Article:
Shear and Moment in Beams

Definition of a Beam
A beam is a bar subject to forces or couples that lie in a plane containing the longitudinal section of the bar. According to determinacy, a beam may be determinate or indeterminate.

Statically Determinate Beams
Statically determinate beams are those beams in which the reactions of the supports may be determined by the use of the equations of static equilibrium. The beams shown below are examples of statically determinate beams.

Simple beam, cantilever beam, and overhanging beam


Statically Indeterminate Beams
If the number of reactions exerted upon a beam exceeds the number of equations in static equilibrium, the beam is said to be statically indeterminate. In order to solve the reactions of the beam, the static equations must be supplemented by equations based upon the elastic deformations of the beam.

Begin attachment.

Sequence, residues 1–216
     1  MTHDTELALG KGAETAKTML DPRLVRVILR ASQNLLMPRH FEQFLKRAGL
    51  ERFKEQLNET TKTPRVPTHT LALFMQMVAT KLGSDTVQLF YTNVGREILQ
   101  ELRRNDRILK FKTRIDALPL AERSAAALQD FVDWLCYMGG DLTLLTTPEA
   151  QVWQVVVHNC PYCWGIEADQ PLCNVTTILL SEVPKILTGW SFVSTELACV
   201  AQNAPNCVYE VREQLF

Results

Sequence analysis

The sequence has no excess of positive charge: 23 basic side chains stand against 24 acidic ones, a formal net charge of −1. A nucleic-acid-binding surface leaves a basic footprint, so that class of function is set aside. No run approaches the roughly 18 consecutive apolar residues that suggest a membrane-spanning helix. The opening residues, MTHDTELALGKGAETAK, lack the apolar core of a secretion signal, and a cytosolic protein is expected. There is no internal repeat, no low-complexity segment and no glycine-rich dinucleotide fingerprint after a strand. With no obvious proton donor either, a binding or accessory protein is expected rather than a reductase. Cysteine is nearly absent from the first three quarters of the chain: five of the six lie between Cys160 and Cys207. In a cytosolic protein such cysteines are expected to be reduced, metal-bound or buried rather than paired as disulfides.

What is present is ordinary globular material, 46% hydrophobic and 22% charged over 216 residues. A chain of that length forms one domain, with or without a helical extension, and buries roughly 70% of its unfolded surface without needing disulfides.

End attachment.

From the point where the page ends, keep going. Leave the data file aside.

The degree of indeterminacy is taken as the difference between the umber of reactions to the number of equations in static equilibrium that can be applied. In the case of the propped beam shown, there are three reactions R1, R2, and M and only two equations (ΣM = 0 and ΣFv = 0) can be applied, thus the beam is indeterminate to the first degree (3 - 2 = 1).

Propped Beam, Fixed or Restrained Beam, and Continuous Beam


Types of Loading
Loads applied to the beam may consist of a concentrated load (load applied at a point), uniform load, uniformly varying load, or an applied couple or moment. These loads are shown in the following figures.

Concentrated Loads, Uniform Load, Uniformly Varying Load, and Applied Couple